An epidural can provide very good pain relief, but it's not always 100% effective in labour. The Obstetric Anaesthetists Association estimates that 1 in 10 women who have an epidural during labour need to use other methods of pain relief.
How does an epidural work?
To have an epidural:
- a drip will run fluid through a needle into a vein in your arm
- while you lie on your side or sit up in a curled position, an anaesthetist will clean your back with antiseptic, numb a small area with some local anaesthetic, and then introduce a needle into your back
- a very thin tube will be passed through the needle into your back near the nerves that carry pain impulses from the uterus. Drugs (usually a mixture of local anaesthetic and opioid) are administered through this tube. It takes about 10 minutes to set up the epidural, and another 10-15 minutes for it to work. It does not always work perfectly at first and may need adjusting
- the epidural can be topped up by your midwife, or you may be able to top up the epidural yourself through a machine
- your contractions and the baby's heart rate will need to be continuously monitored. This means having a belt around your abdomen and possibly a clip attached to the baby's head
Side effects of epidurals in labour
There are some side effects to be aware of.
An epidural may make your legs feel heavy, depending on the local anaesthetic used.
Your blood pressure can drop (hypotension), but this is rare because the fluid given through the drip in your arm helps to maintain good blood pressure.
Epidurals can prolong the second stage of labour. If you can no longer feel your contractions, the midwife will have to tell you when to push. This means that forceps or a ventouse may be needed to help deliver the baby (instrumental delivery).
When you have an epidural, your midwife or doctor will wait longer for the baby's head to come down (before you start pushing), as long as the baby is showing no signs of distress. This reduces the chance you'll need an instrumental delivery. Sometimes less anaesthetic is given towards the end, so the effect wears off and you can feel to push the baby out naturally.
You may find it difficult to pee as a result of the epidural. If so, a small tube called a catheter may be put into your bladder to help you.
About 1 in 100 women gets a headache after an epidural. If this happens, it can be treated.
Your back might be a bit sore for a day or two, but epidurals do not cause long-term backache.
About 1 in 2,000 women feels tingles or pins and needles down one leg after having a baby. This is more likely to be the result of childbirth itself rather than the epidural. You'll be advised by the doctor or midwife when you can get out of bed.
Read more about the pros and cons of epidurals.
Using water in labour (water birth)
Being in water can help you relax and make the contractions seem less painful. Ask if you can have a bath or use a birth pool. The water will be kept at a comfortable temperature, but not above 37.5C, and your temperature will be monitored.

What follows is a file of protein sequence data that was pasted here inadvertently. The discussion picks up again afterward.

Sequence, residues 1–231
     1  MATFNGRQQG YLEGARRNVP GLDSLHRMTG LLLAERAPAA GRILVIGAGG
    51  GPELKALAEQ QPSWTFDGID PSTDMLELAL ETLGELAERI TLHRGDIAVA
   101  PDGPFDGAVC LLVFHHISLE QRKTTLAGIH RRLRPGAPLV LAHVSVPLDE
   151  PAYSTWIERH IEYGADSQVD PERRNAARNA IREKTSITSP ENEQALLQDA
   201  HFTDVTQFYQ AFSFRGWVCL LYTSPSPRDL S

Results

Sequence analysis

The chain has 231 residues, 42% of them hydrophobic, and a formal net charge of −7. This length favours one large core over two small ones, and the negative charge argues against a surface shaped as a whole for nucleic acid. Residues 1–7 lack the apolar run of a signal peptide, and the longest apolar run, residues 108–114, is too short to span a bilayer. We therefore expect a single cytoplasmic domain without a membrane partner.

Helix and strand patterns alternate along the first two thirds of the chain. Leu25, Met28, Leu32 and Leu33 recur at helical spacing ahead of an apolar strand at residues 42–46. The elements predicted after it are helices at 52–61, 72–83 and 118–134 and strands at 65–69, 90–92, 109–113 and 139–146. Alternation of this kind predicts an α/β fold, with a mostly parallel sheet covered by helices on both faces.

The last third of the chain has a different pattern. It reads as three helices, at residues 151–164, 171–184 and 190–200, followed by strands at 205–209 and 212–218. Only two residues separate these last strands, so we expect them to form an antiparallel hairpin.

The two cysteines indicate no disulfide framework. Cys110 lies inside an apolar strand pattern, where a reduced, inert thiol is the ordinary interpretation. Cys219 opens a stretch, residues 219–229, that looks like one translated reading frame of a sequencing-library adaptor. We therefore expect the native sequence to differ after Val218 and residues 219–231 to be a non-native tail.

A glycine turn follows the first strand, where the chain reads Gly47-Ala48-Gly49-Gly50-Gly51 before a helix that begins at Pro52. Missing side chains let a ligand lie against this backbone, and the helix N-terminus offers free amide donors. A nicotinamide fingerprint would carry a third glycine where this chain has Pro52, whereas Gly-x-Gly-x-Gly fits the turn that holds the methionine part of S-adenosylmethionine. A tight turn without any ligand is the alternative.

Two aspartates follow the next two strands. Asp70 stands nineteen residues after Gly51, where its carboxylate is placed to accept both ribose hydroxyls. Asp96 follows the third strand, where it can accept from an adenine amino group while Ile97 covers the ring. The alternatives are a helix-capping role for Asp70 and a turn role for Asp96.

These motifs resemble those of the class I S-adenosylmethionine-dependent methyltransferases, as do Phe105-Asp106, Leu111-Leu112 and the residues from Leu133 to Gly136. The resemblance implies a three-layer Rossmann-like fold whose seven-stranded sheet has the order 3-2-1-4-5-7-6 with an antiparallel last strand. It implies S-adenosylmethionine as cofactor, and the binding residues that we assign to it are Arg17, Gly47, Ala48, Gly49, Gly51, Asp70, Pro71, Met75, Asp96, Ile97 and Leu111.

The National Childbirth Trust has information on using water during labour and birth.
This stands for transcutaneous electrical nerve stimulation. Some hospitals have TENS machines. If not, you can hire your own machine.
TENS has not been shown to be effective during the active phase of labour, when contractions get longer, stronger and more frequent. It's probably most effective during the early stages, when many women experience lower back pain.
TENS may also be useful while you're at home in the early stages of labour or if you plan to give birth at home. If you're interested in TENS, learn how to use it in the later months of your pregnancy. Ask your midwife to show you how it works.
How TENS machines work
Electrodes are taped on to your back and connected by wires to a small battery-powered stimulator. Holding this, you give yourself small, safe amounts of current through the electrodes. You can move around while you use TENS.
TENS is believed to work by stimulating the body to produce more of its own natural painkillers, called endorphins. It also reduces the number of pain signals sent to the brain by the spinal cord.
Side effects of TENS machines
There are no known side effects for either you or the baby.
Read more about TENS.
Alternative methods of labour pain relief
Some women may choose alternative treatments such as acupuncture, aromatherapy, homeopathy, hypnosis, massage and reflexology. Most of these techniques are not proven to provide effective pain relief.
If you'd like to use any of these methods, it's important to discuss them with your midwife or doctor and let the hospital know beforehand. Most hospitals do not offer them for pain relief during labour.
If you want to try any of these techniques, make sure the practitioner is properly trained and experienced. Learn more about complementary and alternative medicines and how they're regulated.
Page last reviewed: 04/10/2019
Next review due: 04/10/2022